We've been reviewing our policy regarding illegal activity on LiveJournal for several months (long before we received reports from any outside organizations). We found ways that we could more strictly enforce our policy to make a better effort at preventing people from using LiveJournal to organize, encourage, or participate in activities such as the sexual abuse of children. In particular, we wanted to make sure that we were evaluating profiles the same way we evaluate journals or entries themselves.
We've always had a policy preventing the promotion or solicitation of any illegal activity. There were several miscommunications internally regarding the changes we wanted to make in enforcement, and what we enforced prohibited listing any illegal activity as an interest. We then began to evaluate journals that were reported to us, and suspended journals and communities based on interests they listed. (Many of those journals were later unsuspended.)
Some Errors and Misconceptions
* We don't actively search for any violations of our Terms of Service. Any journal that we review must be reported to us first. To be specific, every journal that was suspended a few weeks ago was reported to us -- we didn't search for these journals. We receive some legal protection if we only act on reports we receive (not to mention that it's a sheer impracticality for us to do otherwise).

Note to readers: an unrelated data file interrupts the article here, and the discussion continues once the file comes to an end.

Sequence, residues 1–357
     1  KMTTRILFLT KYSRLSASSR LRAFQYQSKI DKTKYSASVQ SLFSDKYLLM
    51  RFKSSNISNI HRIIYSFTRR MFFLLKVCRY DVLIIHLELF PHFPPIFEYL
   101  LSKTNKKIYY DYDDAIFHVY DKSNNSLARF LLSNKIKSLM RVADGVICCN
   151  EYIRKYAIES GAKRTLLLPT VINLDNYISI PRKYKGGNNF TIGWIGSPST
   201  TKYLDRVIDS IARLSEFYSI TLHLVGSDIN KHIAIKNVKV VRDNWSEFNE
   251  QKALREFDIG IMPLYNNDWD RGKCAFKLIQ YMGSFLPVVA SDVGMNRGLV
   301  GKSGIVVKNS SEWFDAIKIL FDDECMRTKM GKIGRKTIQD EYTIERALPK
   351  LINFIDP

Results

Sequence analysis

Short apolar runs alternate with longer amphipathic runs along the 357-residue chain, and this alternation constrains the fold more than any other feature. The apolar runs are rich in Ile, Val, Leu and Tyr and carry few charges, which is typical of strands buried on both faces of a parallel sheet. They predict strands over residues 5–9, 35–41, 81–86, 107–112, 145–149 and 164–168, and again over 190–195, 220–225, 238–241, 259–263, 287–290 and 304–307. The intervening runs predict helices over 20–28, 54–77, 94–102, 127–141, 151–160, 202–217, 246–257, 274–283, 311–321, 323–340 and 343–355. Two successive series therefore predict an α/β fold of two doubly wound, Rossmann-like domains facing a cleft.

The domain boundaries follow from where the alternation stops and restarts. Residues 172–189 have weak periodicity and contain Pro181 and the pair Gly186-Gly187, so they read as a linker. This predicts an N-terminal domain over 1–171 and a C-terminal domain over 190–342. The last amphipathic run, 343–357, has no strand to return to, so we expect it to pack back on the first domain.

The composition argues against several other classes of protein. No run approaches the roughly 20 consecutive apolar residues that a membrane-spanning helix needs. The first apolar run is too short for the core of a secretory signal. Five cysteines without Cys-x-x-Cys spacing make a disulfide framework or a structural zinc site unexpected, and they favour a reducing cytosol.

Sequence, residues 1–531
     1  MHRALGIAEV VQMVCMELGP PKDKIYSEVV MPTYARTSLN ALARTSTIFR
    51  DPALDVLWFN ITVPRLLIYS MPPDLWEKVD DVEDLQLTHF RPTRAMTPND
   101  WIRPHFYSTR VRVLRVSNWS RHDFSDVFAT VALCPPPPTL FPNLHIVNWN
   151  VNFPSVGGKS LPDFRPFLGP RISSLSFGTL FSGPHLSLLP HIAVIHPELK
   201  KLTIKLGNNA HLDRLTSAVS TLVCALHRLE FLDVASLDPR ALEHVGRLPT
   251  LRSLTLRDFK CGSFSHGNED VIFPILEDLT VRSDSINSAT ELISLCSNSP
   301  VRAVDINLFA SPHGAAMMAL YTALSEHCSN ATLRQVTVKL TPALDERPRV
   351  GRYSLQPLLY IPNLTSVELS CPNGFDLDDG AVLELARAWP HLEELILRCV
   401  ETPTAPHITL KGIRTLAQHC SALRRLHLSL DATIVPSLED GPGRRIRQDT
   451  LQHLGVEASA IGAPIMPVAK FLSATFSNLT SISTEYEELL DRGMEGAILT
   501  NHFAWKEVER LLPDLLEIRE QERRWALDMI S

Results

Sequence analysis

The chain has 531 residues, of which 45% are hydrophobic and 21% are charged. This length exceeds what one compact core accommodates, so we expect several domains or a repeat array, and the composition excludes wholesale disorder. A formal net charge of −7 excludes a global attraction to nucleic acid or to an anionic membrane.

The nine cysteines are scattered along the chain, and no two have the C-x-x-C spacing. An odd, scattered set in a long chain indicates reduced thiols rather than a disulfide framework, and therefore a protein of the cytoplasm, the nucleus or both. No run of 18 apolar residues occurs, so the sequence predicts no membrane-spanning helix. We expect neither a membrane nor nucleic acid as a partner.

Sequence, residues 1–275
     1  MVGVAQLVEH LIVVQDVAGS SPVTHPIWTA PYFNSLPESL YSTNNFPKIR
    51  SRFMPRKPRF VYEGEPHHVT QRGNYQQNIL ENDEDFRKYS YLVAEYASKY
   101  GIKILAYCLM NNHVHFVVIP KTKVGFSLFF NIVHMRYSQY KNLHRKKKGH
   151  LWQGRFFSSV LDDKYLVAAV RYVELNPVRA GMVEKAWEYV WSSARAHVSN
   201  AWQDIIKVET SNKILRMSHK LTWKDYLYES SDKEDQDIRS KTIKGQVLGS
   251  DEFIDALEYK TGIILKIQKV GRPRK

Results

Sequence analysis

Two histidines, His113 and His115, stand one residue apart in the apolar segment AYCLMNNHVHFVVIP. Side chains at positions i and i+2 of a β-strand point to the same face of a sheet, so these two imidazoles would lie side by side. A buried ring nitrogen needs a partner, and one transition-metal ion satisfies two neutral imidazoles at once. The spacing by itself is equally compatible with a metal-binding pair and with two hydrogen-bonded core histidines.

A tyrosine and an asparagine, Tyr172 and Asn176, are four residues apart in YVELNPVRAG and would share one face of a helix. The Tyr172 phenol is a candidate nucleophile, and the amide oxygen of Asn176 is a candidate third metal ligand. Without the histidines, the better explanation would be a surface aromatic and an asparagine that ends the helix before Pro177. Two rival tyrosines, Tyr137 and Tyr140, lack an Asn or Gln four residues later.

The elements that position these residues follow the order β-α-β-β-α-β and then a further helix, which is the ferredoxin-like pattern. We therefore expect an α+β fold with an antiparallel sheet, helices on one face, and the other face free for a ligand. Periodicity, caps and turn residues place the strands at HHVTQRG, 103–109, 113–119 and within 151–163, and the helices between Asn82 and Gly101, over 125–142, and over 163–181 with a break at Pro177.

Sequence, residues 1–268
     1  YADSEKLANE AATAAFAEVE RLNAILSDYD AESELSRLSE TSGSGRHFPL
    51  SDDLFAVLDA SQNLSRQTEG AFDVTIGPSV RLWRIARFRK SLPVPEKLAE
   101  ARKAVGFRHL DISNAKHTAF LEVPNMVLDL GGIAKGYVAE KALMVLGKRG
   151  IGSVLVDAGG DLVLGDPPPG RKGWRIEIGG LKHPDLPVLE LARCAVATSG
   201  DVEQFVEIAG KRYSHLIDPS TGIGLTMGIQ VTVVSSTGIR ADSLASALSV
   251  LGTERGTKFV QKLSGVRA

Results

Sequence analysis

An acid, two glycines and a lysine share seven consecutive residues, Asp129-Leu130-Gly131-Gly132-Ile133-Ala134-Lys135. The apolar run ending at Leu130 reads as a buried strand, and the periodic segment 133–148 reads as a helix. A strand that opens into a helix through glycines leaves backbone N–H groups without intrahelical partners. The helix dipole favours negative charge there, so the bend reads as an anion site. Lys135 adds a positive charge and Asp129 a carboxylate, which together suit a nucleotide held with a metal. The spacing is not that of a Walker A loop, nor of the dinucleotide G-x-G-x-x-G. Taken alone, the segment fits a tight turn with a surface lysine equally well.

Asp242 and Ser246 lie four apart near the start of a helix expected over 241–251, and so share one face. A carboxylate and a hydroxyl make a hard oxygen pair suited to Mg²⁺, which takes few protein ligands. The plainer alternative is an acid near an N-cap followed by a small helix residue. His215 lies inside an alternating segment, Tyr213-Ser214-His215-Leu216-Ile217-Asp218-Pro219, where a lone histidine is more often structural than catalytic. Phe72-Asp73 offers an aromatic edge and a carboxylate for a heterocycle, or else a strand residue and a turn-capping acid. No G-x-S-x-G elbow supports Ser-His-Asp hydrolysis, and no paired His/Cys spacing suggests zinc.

* We never intended for our policies to be enforced in a way that prohibited users from listing illegal interests, though this misinterpretation (on our part) is what resulted in the suspensions in the first place. Our goal was to make sure that profiles were being held to the same standards as other content. To be clear: listing an illegal activity in your interests list isn't a violation of the Terms of Service in isolation, and we won't equate individual interests with activities you support or advocate. Instead, we will consider journals and profiles as a whole, in context, to determine whether they violate our policies.
* Whenever we make large-scale policy changes, we will ensure to communicate these in advance to the community. We will never change our policies because any individual, organization, or corporation wants us to. We didn't change our policy in this situation, either, but various misinterpratations internally meant that what was enforced wasn't what we intended to enforce. Moving forward, we're going to be extra careful in making sure we avoid these sorts of miscommunications internally.
* We dropped the ball in our communication to the community in the hours and first few days after we realized our mistake, and we're very sorry for that. This does tie into the previous point: it took us quite some time to sort through what had happened. (And, yes, in the future we're going to be much better about communicating things out to you guys, faster.)
Barak will be posting in a little bit to reiterate our policy on illegal content. We know that a lot of people are worried -- but please understand that the policies haven't changed. We made a mistake in enforcing the policies in a high-profile instance that affected hundreds of accounts, and we've been working ever since to correct that mistake. Hopefully this post and Barak's post answered the questions you had. (And, as ever, we're still reading the comments, even if we can't reply to each one individually.)